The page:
There's never a shortage of moments to talk about when you're a person who pursues outdoors activities with a passion

I have to admit that the on-going series of special outdoor memories from readers has been a great success. 

It has generated a lot of comments, clearly indicating that many readers identify in various ways with the folks offering their thoughts and memories. So, with that said, here is the next installment in the series.

Ron Schroder is well known to area sportsmen for his many years working as a biologist and public relations contact at the DEC office in Avon. Here are some of his outdoor memories:

“To me, the special occasions in the outdoors come every time I’m out. Whether it be watching a chipmunk or a deer, it’s an experience to favor. I can think of two incidents from many years ago that will stick with me always.

“The first was when my youngest son, Kevin, who was 9 or 10 years old, came home with a red fox he had trapped. We had trapped together for awhile as I showed him what it was all about. He would check his traps alone some days and come and get me if he needed help dispatching a large raccoon or fox. This one day no help was needed as he brought home a red fox all by himself. He was so proud and happy. When I first saw him I, too, was proud, happy and of all things, sad. Why sad – I had to kill his joy with the info that his fox had mange and was worthless.

“My second ‘memory keeper’ involves predator hunting with my middle daughter, Julia (12 or 13 years old). It was a nice moonlit evening with snow on the ground. It was her first time out with me, and I stressed her being quiet. We choose a spot and set out the caller with an injured rabbit call. Things were slow when all of a sudden I felt a kick in the shin. As I turned to my daughter I saw a gray headed fox away from us. I asked why she kicked me. She replied, ‘You told me not to talk and keep quiet, and the fox was running right at us. I wanted you to know.’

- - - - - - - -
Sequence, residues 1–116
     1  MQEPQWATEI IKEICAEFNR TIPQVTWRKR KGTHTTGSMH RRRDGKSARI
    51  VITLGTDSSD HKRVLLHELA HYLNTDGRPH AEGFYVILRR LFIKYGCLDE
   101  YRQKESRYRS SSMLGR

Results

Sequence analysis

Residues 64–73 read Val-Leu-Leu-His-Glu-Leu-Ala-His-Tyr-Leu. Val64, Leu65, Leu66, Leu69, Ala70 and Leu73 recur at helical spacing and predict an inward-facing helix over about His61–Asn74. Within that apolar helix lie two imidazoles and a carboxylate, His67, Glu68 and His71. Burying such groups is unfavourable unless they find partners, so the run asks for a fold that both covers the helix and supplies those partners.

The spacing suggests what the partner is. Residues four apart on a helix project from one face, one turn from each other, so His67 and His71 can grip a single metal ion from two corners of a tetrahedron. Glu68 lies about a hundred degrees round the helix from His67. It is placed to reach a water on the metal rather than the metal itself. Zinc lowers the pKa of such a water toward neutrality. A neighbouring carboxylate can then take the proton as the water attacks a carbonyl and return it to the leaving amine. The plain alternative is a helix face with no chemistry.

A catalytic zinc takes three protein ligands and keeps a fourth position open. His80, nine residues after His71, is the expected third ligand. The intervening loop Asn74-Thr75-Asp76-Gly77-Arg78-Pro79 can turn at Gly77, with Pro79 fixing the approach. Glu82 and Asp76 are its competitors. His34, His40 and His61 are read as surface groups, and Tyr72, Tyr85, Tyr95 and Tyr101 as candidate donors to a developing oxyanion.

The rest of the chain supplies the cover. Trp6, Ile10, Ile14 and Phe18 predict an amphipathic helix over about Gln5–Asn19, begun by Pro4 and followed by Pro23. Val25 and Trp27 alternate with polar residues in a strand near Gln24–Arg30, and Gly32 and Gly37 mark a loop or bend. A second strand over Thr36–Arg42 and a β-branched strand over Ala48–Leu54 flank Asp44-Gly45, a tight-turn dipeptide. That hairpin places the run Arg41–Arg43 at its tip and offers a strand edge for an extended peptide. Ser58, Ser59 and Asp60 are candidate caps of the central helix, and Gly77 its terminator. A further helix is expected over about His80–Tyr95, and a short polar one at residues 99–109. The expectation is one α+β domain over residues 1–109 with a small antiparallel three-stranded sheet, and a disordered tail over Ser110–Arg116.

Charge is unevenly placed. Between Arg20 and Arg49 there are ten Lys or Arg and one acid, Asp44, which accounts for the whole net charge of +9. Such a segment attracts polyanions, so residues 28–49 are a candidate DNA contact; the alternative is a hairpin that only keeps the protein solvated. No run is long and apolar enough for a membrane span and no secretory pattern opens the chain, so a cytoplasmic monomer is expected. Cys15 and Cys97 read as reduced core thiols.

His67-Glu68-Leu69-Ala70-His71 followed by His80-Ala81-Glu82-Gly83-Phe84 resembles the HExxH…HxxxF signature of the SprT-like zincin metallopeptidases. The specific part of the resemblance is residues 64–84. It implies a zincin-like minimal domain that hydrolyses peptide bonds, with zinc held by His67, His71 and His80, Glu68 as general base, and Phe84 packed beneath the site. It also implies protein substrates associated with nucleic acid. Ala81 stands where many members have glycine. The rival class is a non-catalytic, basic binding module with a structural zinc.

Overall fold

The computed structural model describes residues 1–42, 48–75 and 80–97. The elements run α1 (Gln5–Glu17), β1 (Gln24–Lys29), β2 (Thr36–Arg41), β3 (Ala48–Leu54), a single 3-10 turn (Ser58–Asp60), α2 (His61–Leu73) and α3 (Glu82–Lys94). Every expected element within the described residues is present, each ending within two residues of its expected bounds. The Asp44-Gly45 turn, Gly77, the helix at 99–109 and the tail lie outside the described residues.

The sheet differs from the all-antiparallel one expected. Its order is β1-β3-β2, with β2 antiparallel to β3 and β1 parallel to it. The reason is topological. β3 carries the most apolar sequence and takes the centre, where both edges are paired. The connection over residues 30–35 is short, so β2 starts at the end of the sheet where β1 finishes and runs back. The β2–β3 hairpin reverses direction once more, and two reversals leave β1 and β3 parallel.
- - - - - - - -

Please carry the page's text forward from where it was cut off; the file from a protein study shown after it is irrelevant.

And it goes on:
“There was no other action so we called it quits and went home.”

Thanks Ron for sharing. It may be cheating on my part but I can relate to both of these memories. I can remember my first trapped fox as if it had happened only yesterday. It was a big red male, and I received $21 for that pelt, quite a sum when red fox were averaging under $10 for good pelts.  And my first attempt at calling predators resulted in another nice red fox. Afterwards, I had fits of excited shaking for more than an hour.

Sue Button of Rushville is a dyed-in-the-wool outdoor lady. She and her husband Bill have fished and hunted together for many years. Here are two of her memories:

“I enjoyed the ‘experiences’ you included in your (recent) eagle/deer article. Well, truth be known, I always enjoy your articles, but yesterday I could especially relate. I was delivering the mail one day — March 6, 2005 — to be exact. It was quite a nice afternoon, rather calm and with lots of sunshine. As I was approaching a mailbox on Hall Road in the Town of Gorham, I noticed a flock of crows that were especially noisy and bothered. 

“So, my curiosity winning out over my need to get to that mailbox, I stopped and got out to see what was going on. They were diving and attacking a mature bald eagle — my first up-close encounter. It was very accommodating, flying right over my head into a big oak tree and landing on a dead branch in plain view. I was so excited to tell someone that I called a bird-loving friend who had just moved off the lake in that vicinity. Now, how do I remember the exact date? It was my 60th birthday, and the best present one could ever ask for. What a sighting. 

“And your article about the new hunter and his button buck prompted another memory. I don't remember the exact date of this account, but it was the first year that legislation was passed to allow rifles for use in big game hunting in Yates County. I had been hunting since I was 16 with a spattering of deer over those many years, mostly with my dad’s 20 gauge. Bill helped me into my tree stand on private property — my favorite tree stand in a beautiful woods overlooking Canandaigua Lake from the east side — with lots of birds to watch.